To evaluate the concentrations of total oxidant level (TOS) and total antioxidant level (TAC), we separated the seminal plasma of the samples from sperm cells by centrifugation at 1800 g for 10 min. The supernatant was applied to evaluate the OSI in seminal plasma. The OSI is computed by dividing TOS by TAC. The commercial kits (Naxifer TM, Navand, Salamat Co., Urmia, Iran) were applied to quantify the TOS and TAC. For preparing the samples, 107 cells of seminal plasma were washed with PBS and then homogenized with 1 ml Lysing Buffer. After centrifugation at 10,000 rpm for 10 min, the supernatant was separated and used as a sample. The reagents were placed at room temperature 30 min before use. If crystals were observed, the solution was homogenized by vortexing. For the TAC assay, after the preparation, reagent 2 was mixed with reagent 3 (1:1) and vortexed. Then, fivefold the volume of the prepared solution, R1 solution was added. The final solution was used as a working solution. 5 µl of the sample/standard were poured into the wells of the plate (all standards and samples were assayed in duplicate), followed by adding 250 µl of the working solution. After 5 min, maximum absorption was recorded by a plate reader at 593 nm. For the TOS assay, after the preparation of the working and standard solution according to kit protocol, 30 µl of the sample/standard were added to the wells. 200 µl of reagent 1 and 10 µl of reagent 2 was added to the wells and incubated for 20 min. After 20 min, maximum absorption was recorded by a plate reader at 530 nm. By using statistical software such as Excel, the standard curve graph of different concentrations was obtained and according to the line formula, the TAC and TOS were calculated.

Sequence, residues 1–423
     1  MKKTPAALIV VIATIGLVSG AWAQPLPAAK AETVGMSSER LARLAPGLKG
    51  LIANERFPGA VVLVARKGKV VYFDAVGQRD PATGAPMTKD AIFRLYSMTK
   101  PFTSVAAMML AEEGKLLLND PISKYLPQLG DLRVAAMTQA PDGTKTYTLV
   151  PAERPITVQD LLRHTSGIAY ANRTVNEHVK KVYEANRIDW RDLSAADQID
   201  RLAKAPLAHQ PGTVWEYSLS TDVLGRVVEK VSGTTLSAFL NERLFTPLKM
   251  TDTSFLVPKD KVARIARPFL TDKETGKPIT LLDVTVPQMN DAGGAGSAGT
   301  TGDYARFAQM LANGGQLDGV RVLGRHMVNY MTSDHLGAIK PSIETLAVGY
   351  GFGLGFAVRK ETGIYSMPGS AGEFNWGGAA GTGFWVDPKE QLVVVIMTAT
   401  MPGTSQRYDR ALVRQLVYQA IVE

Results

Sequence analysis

2.4 Sperm DNA/chromatin integrity

After sperm analysis, each semen sample was smeared for toluidine blue (TB) and Chromomycin A3 (CMA3) staining. To assess sperm DNA/chromatin integrity, TB and CMA3 staining were performed to determine the chromatin damage and protamine deficiency of each sample.

2.4.1 Toluidine blue staining

In the first step, smears were prepared and dried. Then, they were fixed in 96% ethanol-acetone (1:1) at 4 °C for 30 min. 0.1 Na HCl was used to hydrolyze samples at 4 °C for 5 min. The samples were washed with distilled water and then stained with 0.05% TB for 10 min at room temperature. In the last step, 200 sperm cells were evaluated at ×1000 magnification with light microscopy. Normal spermatozoa heads were stained pale blue, and abnormal spermatozoa heads were stained dark blue or purple. Abnormal spermatozoa percentage (TB+) was recorded [19].